Headlines August 31, 2021

Headlines August 31, 2021

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Tri-County Health Removes County Ability to Opt-out of Mask Mandates

The Tri-County Board of Health issued an order yesterday evening requiring masks for all individuals two years and older in schools and child care settings. The Tri-County Board also rescinded a policy it passed last November that allowed the counties of Douglas, Adams, and Arapahoe to opt-out of public health orders.

Recently, county commissioners from Douglas and Adams chose not to follow the Tri-County Health Department order that was issued August 17th requiring masks for kids 2 years and older.

As of last Friday, the Colorado Department of Public Health and Environment reported 705 people were hospitalized due to the virus, a level last reached on January 21st.

Colorado Board of Health Adopts Emergency Rule Requiring COVID-19 Vaccine for Healthcare Workers

Also yesterday evening, Colorado’s Board of Health adopted an emergency rule requiring employees of the state’s licensed health care facilities to get vaccinated against COVID-19 by October 31st.

In an emergency session last night, Colorado’s Board of Health voted to require Covid-19 shots for staff who interact with patients at 3,800 licensed facilities by the end of October.

The new vaccine mandate applies to staff and contractors who interact with patients or clients in assisted living homes, nursing homes, hospitals, hospices, community clinics and other health care settings that are regulated by the board. The mandate does not apply to individual practitioners, doctors’ offices or urgent care centers. The rule requires health care facilities to hire only vaccinated workers after Oct. 31.

The mandate allows for individuals to seek medical or religious exemptions from their employers.

Currently, nearly 74% of the state’s eligible adults are immunized with one dose of the vaccine, with 65% of age 12 and up being fully vaccinated.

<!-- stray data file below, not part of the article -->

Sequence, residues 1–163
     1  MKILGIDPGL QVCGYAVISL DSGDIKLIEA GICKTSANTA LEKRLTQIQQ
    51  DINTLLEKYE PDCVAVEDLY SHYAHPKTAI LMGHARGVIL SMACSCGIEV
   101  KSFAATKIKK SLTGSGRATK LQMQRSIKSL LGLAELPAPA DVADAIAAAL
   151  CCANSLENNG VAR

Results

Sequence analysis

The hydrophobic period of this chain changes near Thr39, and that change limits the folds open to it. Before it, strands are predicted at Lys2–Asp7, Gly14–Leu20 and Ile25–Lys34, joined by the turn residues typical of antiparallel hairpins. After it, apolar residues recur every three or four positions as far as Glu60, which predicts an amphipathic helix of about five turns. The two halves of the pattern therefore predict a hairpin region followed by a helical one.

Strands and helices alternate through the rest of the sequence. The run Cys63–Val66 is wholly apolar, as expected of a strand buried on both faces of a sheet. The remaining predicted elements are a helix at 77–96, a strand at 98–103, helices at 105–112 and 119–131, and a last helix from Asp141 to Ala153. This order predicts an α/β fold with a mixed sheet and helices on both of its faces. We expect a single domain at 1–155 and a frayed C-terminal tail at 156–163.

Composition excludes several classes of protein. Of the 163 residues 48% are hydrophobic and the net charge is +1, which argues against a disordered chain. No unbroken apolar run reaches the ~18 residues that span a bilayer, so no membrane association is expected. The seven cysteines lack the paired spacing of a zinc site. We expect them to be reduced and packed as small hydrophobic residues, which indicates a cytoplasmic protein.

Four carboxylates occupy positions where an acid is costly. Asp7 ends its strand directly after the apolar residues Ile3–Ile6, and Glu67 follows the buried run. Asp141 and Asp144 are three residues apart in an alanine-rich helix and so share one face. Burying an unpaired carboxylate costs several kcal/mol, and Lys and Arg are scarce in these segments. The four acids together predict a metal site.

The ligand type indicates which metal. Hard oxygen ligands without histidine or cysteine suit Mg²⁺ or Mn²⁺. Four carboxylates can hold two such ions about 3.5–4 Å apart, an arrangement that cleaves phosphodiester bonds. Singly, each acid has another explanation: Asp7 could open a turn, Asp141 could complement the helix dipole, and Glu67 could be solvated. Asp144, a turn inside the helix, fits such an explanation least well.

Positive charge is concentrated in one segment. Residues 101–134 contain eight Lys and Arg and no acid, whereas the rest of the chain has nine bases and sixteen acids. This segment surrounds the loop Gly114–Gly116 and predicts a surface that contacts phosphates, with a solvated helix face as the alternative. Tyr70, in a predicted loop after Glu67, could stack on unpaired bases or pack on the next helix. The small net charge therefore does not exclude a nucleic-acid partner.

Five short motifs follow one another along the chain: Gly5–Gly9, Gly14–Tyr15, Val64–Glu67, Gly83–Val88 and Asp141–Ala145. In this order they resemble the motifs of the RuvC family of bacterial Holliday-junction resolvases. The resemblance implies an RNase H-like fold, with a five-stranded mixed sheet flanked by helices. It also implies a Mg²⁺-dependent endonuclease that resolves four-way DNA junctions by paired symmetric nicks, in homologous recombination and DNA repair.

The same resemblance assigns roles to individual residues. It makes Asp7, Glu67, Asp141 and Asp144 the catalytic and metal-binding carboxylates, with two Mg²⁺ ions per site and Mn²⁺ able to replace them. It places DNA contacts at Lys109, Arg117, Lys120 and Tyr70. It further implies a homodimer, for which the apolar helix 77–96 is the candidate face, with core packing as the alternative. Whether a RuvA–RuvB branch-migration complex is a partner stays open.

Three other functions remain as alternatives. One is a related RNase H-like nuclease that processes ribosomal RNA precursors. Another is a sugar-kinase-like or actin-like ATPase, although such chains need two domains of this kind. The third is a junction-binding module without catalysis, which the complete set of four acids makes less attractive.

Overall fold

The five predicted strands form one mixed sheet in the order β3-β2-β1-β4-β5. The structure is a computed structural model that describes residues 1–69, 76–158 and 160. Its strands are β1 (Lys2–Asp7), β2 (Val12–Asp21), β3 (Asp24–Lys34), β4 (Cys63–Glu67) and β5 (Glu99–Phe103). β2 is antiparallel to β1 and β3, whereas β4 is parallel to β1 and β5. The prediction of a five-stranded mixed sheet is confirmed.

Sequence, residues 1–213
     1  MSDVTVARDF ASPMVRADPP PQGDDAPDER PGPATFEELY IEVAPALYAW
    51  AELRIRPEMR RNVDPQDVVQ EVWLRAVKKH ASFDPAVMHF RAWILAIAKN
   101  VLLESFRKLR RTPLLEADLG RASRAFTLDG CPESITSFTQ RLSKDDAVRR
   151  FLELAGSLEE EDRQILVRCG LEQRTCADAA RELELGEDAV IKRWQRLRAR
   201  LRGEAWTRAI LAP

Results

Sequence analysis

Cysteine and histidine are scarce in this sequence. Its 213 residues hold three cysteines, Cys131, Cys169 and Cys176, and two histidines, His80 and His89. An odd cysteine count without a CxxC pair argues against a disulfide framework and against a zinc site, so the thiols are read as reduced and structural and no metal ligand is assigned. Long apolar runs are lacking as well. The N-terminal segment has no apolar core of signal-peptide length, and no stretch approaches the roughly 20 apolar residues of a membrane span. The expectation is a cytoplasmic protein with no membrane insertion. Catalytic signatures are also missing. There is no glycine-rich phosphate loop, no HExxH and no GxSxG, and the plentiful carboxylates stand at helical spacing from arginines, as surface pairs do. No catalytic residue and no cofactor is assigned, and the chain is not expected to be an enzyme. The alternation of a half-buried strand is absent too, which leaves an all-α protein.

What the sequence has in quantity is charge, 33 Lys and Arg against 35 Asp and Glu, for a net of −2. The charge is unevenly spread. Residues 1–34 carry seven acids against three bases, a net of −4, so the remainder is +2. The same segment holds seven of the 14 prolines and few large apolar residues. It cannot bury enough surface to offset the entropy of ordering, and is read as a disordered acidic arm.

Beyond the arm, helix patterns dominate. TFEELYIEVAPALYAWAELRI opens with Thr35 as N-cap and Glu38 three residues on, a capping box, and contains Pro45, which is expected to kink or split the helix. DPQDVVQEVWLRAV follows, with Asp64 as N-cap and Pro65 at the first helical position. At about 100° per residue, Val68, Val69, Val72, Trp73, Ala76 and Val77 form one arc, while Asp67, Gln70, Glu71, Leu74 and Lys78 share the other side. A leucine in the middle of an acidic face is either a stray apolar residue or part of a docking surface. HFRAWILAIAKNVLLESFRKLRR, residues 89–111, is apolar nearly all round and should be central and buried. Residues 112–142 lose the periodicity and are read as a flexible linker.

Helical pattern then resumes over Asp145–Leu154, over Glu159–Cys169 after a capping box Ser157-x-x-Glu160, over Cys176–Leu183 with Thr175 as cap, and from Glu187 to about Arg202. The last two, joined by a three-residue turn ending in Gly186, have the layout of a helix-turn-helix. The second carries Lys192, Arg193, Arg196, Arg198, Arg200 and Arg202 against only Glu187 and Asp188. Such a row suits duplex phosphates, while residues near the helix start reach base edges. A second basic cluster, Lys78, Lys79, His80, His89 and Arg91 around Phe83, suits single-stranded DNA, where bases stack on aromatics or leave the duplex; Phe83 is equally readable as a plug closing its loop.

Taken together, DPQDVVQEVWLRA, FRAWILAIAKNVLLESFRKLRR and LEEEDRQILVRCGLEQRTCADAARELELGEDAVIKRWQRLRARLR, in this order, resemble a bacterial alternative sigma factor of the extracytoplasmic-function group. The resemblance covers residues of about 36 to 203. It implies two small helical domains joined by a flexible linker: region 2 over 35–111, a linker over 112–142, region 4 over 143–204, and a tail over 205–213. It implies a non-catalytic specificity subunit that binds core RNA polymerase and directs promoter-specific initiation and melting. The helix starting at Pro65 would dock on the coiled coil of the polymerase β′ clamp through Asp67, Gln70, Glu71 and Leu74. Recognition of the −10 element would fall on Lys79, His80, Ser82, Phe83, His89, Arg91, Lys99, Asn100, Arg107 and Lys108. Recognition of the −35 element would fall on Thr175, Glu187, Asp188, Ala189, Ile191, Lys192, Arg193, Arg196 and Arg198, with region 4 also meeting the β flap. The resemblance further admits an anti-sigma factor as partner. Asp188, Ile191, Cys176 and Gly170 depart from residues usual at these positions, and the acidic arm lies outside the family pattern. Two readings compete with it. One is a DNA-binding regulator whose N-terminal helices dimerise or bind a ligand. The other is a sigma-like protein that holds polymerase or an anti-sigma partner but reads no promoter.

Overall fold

Secretary of State Files Lawsuit Seeking to Remove Mesa County Clerk from Election Oversight

Colorado Secretary of State Jena Griswold filed a lawsuit yesterday to remove Mesa County Clerk Tina Peters from her role overseeing elections.

According to the Denver Post, Griswold can unilaterally require the supervision of Mesa County elections as she did earlier in August but needs a court order to remove Peters from overseeing them.

Peters is under investigation by the FBI and the Mesa County District Attorney’s Office for allegedly allowing a security breach of election equipment and the subsequent online posting of election equipment passwords and hard drive images to right-wing blogs and social media.

Also yesterday, Mesa County Commissioners formally hired former Secretary of State Waye Williams as the county’s top official for the upcoming November elections. Williams will serve along Griswold’s pick for elections supervisor, Mesa County Treasurer Sheila Reiner.

The Denver Post reports Griswold has also sought the appointment of Williams and Reiner in her lawsuit filed with the Mesa County District Court.

CU Police Replacing Criminal Citations for Low-level and First-time Offenses 

As an effort to prevent students from entering the criminal legal system, the University of Colorado Police Department will start giving administrative citations instead of criminal citations for low-level or first-time offenses.

According to the Boulder Daily Camera, the process to change the citation policy began a year ago. Administrative citations will not be issued for repeat offenders or students accused of violent crimes.

Under the policy change, if students receive a low-level citation such as a minor in possession of drugs or alcohol, unlawful conduct, or fake identification, they will get a lesser fine and will be referred to the Office of Student Conduct and Conflict Resolution instead of receiving a criminal court summons.

Gateway Segment of Peaks to Plains Trail Opens

The proposed Peaks to Plains trail, which will run 65 miles from the South Platte River to the foot of Loveland Pass, gained another built segment last week as Jefferson County Open Space unveiled a new 1.75-mile multi-use trail at the mouth of Clear Creek Canyon at the western edge of Golden.

The new segment includes 22,000 square feet of concrete sidewalk, stained a rust color to harmonize with the canyon’s surroundings, and has two new bridges over Clear Creek. The segment also includes access to the wooden water flume of the historic Welch Ditch.

According to the Denver Post, the next 3-mile segment for Clear Creek Canyon is in the design stages with groundbreaking expected to occur this winter.